The British Retail Consortium (BRC) is seeking urgent reassurances that a range of critical issues thrown up by escalating lawlessness on the streets of London and other UK cities are being addressed. The BRC plans to put these points directly to Home Secretary Theresa May.
Violence during the past few days has resulted in shops being wrecked, looted and set on fire. Retailers are calling for intelligence-led information to help them protect their properties and want reassurances those responsible for vandalism and theft will be suitably punished.
The BRC has outlined a number of critical issues which it wants to raise on behalf of retailers, including:
- Assurances the police and fire services are adequately resourced and equipped, and are authorised to use robust operational tactics to close down situations quickly;
- Assurances there will be resolute pursuit of offenders with effective prosecutions, in contrast to the West End protests earlier this year;
- Immediate support to help shopkeepers protect their properties, including timely intelligence and practical assistance in securing and clearing up after attacks;
- Early discussions on how affected communities can be helped to recover, given the likelihood that a significant number of small shops will fail following these attacks;
- Joint discussions with the insurance industry to ensure affordable insurance remains available in the affected areas and more widely to the sector;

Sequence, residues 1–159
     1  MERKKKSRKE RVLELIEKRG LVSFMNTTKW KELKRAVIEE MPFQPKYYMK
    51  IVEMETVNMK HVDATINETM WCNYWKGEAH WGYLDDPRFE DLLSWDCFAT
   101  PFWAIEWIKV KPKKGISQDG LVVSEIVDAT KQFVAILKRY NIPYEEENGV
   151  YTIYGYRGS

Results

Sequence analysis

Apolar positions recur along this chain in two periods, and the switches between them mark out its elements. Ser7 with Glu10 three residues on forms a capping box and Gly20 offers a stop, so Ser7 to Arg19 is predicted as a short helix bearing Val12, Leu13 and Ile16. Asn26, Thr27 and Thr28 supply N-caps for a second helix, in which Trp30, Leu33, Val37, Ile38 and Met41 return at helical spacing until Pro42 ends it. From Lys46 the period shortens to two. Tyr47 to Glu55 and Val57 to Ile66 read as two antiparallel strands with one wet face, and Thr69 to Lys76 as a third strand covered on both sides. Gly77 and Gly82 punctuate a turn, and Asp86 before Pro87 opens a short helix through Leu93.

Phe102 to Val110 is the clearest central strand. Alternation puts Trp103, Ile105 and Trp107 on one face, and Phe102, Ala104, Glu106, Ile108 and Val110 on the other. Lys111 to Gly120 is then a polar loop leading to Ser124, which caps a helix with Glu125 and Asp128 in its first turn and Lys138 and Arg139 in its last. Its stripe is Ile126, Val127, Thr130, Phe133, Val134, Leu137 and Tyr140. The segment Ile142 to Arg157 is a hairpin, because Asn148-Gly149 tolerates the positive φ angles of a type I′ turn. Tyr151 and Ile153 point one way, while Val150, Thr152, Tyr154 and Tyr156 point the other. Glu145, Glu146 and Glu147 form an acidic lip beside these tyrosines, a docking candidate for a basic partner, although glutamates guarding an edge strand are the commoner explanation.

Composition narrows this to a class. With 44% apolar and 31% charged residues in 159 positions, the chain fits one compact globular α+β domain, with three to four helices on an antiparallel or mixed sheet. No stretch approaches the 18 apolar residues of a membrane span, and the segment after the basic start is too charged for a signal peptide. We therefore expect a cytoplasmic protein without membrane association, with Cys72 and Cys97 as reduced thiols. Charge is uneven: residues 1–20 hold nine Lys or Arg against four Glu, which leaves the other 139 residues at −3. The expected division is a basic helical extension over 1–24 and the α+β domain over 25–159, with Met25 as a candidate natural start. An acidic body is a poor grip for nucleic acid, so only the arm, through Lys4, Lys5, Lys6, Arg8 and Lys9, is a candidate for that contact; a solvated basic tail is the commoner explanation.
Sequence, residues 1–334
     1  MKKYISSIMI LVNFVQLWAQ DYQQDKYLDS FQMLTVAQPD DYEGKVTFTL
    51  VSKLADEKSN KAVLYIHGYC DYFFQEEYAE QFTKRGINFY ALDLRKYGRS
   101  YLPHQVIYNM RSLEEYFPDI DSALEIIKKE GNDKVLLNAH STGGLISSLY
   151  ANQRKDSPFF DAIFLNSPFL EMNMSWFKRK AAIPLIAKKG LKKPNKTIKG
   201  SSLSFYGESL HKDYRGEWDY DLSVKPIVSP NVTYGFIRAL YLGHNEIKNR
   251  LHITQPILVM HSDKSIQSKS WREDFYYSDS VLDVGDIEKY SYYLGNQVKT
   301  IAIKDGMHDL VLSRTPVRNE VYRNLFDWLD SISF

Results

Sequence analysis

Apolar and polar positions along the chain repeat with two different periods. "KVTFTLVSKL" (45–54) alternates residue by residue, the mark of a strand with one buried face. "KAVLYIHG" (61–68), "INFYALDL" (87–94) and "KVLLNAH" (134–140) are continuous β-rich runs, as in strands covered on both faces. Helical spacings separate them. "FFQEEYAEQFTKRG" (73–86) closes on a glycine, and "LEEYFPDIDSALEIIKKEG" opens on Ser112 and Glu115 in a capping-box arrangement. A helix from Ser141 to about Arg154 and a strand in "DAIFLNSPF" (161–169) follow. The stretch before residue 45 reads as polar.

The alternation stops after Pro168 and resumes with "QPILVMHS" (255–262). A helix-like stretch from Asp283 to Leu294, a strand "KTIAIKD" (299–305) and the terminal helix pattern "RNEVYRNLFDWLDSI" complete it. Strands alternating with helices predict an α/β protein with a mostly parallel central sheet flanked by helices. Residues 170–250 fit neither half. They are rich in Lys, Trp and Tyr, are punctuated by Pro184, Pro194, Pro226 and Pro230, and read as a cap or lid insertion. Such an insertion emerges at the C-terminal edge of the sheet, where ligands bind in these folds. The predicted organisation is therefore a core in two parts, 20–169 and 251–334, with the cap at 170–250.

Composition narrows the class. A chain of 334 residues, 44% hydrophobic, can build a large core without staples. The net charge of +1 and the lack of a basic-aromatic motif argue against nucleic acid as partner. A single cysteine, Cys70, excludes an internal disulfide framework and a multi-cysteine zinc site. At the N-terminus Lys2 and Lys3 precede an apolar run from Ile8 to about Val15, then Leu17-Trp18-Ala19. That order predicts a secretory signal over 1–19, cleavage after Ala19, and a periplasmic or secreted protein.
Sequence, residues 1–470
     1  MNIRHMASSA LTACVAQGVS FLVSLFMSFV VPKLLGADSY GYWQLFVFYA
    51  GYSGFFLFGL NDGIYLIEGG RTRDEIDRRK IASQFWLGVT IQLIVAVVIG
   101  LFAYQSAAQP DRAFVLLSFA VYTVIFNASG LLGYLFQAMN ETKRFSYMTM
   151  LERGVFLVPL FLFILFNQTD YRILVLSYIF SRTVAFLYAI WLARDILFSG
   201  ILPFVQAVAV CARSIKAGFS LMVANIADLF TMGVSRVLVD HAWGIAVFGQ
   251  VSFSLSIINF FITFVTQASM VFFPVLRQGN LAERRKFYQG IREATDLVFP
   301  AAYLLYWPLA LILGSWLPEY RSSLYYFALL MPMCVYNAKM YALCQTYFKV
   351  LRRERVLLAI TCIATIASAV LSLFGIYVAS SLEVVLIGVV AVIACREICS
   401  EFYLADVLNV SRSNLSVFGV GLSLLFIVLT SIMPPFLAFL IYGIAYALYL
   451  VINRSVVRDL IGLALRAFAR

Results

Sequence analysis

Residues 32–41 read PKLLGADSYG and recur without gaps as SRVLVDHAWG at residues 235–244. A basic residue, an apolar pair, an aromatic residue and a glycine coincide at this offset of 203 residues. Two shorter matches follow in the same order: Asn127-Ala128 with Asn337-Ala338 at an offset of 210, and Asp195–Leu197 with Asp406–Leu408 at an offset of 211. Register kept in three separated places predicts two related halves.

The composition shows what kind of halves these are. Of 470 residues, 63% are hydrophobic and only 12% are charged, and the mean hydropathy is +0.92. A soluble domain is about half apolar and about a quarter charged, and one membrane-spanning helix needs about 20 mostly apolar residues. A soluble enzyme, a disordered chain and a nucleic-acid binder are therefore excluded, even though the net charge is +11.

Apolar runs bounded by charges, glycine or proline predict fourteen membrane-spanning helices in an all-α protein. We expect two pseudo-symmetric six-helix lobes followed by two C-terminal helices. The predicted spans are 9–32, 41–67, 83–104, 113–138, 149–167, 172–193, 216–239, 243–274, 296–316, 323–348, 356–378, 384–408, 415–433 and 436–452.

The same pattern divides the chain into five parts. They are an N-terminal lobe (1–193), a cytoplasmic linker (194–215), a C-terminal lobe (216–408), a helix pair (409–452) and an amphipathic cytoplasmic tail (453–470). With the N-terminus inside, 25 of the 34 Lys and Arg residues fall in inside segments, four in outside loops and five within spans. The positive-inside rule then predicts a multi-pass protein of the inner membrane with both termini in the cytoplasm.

- Joint discussions with the banks to ensure short to medium term credit arrangements enable retailers to refit and re-open.
British Retail Consortium Director General, Stephen Robertson, said: “The shocking levels of lawlessness breaking out across the UK are hitting the heart of our communities. The police have shown great courage in facing the vandals but it is imperative retailers know that resources and plans are in place to prevent any repeat of this trouble.
“Targeting local shops as an expression of anger and frustration is mindless. These criminal acts destroy community resources, hurting local businesses and threatening people’s jobs. Staff are being intimidated and traumatised. Those responsible must be prosecuted and punished. Retailers and their staff are particularly vulnerable and need protecting.
“As well as the immediate bills caused by damage and theft, there will be longer-term costs. Inevitably some businesses which have been attacked will never open their doors again. Banks need to offer good credit arrangements to those targeted so as many as possible have a chance to refit and reopen.
“I’m reassured that many people have expressed their disgust at the events of the past few days. I hope they’ll join retailers in doing all they can to rebuild their neighbourhoods.”